Eventually, with our wallets a little lighter, we jumped back onto the bus and continued on to the nearby town of Villa General Belgrano, named after the creator of the Argentine flag. The town is home to descendants of German migrants who have turned it into a marvellous recreation of a typical mountain village in Germany. Strict town rules require buildings and shop-fronts to reflect typical German designs and culture.
After an interesting walking tour of the town, most of our tour group decided to have an authentic German lunch of sausages, sauerkraut and potato salad, washed down with lip-smackingly good German beer brewed on the restaurant premises. Late in the afternoon we climbed back onto our bus for the drive back to Córdoba, where we spent a second night.
While most of the group opted for an early dinner (by Argentinian standards) I headed off to my hotel room to work on this blog. However, at about 10pm there was a determined knocking at my door. I opened it to find Gavin Walker standing there. He insisted that I join him for dinner at a restaurant about a block away. So, throwing my blogging commitments to the wind, I took him up on his offer.
We were pleasantly surprised (and very grateful) to discover the restaurant had an English copy of its menu. Even more amazing was that steak, eggs and chips were available. Having craved eggs almost all week, I pounced on this menu item (with Gavin following suit). It was absolutely delicious. In fact, it was the best steak I’ve had since being in Argentina – and I’ve had quite a number already.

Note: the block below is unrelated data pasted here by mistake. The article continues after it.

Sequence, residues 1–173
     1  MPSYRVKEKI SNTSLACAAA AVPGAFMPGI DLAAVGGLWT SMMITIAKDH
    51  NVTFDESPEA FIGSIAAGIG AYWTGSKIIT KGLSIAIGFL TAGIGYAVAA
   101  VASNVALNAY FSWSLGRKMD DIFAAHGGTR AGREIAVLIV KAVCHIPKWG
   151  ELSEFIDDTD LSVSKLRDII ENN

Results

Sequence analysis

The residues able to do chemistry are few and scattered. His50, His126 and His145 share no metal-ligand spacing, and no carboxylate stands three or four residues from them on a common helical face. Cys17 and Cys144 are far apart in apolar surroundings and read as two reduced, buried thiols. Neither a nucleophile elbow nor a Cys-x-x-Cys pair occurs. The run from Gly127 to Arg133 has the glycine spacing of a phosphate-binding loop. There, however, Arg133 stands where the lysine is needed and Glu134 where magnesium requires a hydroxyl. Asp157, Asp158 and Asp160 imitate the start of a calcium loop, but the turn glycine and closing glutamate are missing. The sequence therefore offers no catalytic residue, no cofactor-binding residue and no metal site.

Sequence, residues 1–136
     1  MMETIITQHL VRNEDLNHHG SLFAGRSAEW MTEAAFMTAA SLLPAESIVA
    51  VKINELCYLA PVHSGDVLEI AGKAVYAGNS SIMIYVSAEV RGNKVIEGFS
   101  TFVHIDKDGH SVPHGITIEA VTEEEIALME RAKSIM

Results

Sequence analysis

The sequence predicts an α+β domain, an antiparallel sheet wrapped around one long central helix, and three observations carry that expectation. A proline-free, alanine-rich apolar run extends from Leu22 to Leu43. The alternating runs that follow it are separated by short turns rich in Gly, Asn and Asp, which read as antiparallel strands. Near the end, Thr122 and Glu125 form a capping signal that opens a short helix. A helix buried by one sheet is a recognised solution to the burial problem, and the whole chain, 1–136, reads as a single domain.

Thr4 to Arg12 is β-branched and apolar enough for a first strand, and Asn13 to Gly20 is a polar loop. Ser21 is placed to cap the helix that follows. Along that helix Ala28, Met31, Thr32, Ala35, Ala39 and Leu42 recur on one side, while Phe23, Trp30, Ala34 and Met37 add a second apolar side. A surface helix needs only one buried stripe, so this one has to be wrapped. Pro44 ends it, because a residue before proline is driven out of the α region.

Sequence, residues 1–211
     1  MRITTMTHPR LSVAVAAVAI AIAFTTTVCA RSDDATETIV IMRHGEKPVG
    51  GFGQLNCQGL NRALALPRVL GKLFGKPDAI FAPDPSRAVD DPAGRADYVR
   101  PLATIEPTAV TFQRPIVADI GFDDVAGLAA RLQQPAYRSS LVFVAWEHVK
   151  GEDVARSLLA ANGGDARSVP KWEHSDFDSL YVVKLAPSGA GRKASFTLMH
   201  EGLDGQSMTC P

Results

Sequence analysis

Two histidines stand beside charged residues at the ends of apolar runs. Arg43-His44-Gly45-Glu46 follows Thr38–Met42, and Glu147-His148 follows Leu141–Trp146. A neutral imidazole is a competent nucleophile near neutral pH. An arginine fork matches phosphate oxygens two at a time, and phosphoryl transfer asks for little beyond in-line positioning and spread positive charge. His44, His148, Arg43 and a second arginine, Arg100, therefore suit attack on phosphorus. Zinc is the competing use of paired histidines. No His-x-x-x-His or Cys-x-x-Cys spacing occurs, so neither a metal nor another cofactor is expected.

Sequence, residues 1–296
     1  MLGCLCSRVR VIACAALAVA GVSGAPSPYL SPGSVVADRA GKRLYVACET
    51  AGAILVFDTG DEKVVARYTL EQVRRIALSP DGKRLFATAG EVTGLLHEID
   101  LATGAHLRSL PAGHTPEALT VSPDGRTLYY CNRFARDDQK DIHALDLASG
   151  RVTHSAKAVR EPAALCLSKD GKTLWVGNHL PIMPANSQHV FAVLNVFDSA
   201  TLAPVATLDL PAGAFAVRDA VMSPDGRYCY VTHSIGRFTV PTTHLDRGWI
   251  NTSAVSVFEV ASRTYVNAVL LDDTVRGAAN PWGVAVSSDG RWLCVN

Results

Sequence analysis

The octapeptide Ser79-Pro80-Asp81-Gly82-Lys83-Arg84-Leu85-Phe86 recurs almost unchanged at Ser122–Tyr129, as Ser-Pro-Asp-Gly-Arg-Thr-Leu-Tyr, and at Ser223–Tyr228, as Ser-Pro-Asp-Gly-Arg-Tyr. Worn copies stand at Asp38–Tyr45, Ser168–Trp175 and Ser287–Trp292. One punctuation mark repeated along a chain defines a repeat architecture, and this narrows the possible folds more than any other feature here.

During our meal Gavin and I noticed that, despite the time heading towards 11pm, the restaurant continued to get fuller and fuller. When we left at just after 11pm there were families with young children still deciding on what to have for supper.
Not much to write about today, except that we spent close to 10 long hours on the road from Córdoba to Buenos Aires. We left at 7am and arrived at 5pm. Most of our time was spent chatting, watching the Argentinian landscape pass by our windows, and snoozing. We stopped off for a number of loo breaks along the way, as well as for lunch at a petrol station/restaurant where I ate my first homemade Argentinian burger. I enjoyed the fact that it had the likes of fried egg, ham, lettuce and tomato on it, along with the patty of course.